1st (Royal) Dragoons - The Adjutant’s Charger ‘The Butt’, 1884
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Overall: 57cm (22in) x 71cm (28in)
Oil on canvas. Equestrian portrait of a chestnut charger equipped with the full dress horse furniture of the Royals for the period 1883-1896, comprising hunting pattern saddle with regulation blue girth over Ukrainian black lambskin edged in regimentally specific red scalloped cloth, over the dragoon style shabraque of authorised pattern, being bullion embroidered with the Guelphic crown, Royal crest encircling Garter and designation ‘1’ ‘D’ at the hindquarters and crowned VR cypher at the forequarters covering the wallets, complete with officers’ pattern bridle fitted with regimental ear and bit bosses, and head chain; set in a stable with horse blanket left initialled ‘BM’, indicating the ownership of Captain John Francis Burn-Murdoch, Adjutant, 1st (Royal) Dragoons. Inscribed verso, ‘’The Butt’ January, 1884’. Canvas size: 46cm (18in) x 61cm (24in). Contained in gilt wood frame
Major-General Sir John Francis Burn-Murdoch KCVO, CB, CMG, DSO (1859-1931) was educated at Eton and commissioned into the 1st (Royal) Dragoons in 1878. He saw active service in the Second Afghan War (1878-1880) and the Egyptian War (1882) at Tel-el-Kebir. He afterwards commanded the Royals seconded to the Camel Corps for the Gordon Relief Expedition (1884-85) during which he was present at the Battles of Abu Klea and El Gubat. At Abu Klea, where Dervish fanatics broke the British square, he was trapped beneath a wounded camel and saved himself by shooting four spear-wielding Fuzzy-Wuzzies with his revolver at uncomfortably close range.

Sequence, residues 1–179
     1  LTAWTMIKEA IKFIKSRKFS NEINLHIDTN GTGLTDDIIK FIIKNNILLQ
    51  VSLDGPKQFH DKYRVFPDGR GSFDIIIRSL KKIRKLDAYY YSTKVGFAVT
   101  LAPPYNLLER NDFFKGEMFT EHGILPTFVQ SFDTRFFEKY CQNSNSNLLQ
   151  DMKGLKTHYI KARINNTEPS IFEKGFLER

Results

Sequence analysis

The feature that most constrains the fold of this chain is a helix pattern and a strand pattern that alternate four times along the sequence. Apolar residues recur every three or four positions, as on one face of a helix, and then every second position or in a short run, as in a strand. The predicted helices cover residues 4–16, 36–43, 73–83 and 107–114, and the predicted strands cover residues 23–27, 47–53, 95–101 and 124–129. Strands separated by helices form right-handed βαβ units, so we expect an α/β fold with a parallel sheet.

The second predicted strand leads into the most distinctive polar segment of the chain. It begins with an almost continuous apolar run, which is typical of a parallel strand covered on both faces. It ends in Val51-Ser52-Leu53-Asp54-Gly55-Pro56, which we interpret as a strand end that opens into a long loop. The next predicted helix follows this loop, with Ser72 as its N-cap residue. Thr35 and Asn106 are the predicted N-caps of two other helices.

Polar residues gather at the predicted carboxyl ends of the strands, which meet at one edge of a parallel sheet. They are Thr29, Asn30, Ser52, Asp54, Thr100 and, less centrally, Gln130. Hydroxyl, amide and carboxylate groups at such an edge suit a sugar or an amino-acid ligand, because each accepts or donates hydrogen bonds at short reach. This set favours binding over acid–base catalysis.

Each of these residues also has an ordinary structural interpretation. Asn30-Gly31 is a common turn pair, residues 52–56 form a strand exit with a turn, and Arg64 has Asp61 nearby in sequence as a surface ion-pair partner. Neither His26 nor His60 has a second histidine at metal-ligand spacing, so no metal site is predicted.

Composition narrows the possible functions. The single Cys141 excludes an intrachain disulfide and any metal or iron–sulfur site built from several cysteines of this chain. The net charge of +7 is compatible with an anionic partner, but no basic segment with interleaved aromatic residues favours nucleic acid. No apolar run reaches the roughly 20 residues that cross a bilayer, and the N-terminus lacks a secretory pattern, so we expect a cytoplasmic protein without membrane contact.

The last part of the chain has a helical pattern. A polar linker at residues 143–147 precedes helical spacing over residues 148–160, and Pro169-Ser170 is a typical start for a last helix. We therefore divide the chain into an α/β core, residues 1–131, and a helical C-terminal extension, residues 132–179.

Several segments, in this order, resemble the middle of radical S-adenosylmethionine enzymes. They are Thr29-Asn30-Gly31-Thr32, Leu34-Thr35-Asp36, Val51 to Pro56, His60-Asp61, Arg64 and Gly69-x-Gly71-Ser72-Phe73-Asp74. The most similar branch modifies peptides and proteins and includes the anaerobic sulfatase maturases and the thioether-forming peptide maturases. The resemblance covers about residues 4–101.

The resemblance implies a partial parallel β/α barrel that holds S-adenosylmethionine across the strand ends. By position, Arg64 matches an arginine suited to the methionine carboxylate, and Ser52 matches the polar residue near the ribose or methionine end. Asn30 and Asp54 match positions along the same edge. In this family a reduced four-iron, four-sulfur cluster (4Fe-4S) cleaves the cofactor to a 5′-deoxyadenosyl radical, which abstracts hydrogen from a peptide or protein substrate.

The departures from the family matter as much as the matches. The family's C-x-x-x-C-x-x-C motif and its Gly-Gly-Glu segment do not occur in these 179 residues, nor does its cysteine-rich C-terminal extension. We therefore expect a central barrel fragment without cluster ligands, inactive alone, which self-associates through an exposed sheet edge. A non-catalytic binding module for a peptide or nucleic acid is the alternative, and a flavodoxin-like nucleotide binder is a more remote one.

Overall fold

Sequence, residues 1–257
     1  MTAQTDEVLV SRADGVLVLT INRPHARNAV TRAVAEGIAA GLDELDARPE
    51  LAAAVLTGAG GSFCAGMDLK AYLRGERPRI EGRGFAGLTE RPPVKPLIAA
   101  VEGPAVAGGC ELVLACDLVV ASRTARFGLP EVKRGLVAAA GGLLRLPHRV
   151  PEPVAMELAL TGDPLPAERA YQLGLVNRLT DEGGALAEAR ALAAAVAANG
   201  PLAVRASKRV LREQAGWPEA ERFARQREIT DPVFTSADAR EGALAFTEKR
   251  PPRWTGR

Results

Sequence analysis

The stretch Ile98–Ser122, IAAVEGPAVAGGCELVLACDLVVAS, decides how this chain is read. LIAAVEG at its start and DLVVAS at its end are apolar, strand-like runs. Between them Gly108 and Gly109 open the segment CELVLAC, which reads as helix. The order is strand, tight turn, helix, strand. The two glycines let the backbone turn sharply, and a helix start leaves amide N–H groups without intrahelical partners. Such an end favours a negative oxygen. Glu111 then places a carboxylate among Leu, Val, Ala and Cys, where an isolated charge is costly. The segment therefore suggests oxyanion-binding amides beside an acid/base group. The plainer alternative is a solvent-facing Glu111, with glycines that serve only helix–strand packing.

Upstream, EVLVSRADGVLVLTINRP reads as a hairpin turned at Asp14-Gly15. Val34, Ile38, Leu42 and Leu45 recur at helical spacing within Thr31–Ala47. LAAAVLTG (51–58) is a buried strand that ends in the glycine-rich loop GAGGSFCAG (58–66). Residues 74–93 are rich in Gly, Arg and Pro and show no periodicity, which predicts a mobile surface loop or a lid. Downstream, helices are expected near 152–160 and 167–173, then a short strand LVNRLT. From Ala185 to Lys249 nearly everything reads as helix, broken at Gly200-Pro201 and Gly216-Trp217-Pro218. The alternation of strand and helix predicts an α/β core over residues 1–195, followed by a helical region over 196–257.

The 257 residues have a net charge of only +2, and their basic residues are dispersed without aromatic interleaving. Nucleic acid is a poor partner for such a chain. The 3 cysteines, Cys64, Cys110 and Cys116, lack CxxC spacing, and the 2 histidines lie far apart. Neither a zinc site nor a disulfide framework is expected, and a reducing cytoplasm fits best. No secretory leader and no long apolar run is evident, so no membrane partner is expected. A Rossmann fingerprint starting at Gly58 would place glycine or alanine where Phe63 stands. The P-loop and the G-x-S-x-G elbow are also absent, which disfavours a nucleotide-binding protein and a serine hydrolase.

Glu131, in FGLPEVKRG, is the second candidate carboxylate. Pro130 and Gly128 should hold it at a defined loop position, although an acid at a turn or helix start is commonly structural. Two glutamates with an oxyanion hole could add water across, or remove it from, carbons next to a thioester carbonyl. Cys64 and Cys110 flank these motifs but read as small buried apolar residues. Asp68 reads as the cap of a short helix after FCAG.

He was a noted amateur jockey. He rode his first winner in 1882 in the Sligo Hunt Cup. Later victories included two winners of the Grand Military Gold Cup at Sandown: Larva in 1884 and Midshipmite in 1893. Between 1891 and 1894 he was he was Brigade-Major of Cavalry at Aldershot whence he was appointed to the command of the cavalry under Lord Kitchener, then Sirdar of the Egyptian Army. He took part in the 1896 reconquest of territory lost to the Khedives of Egypt during the Mahdist War (1884-85) by participating in the Dongola Expedition of 1896. In June of that year he commanded his cavalry with distinction at the rout of Sudanese Mahdists at the Battle of Firket (or Ferkeh) - the first significant gain in Kitchener’s plan to retake the Sudan which culminated in 1898 at the Battle of Omdurman. General Burn-Murdoch afterwards served in South Africa and was present at the Relief of Ladysmith. During the First World War he was twice mentioned in despatches.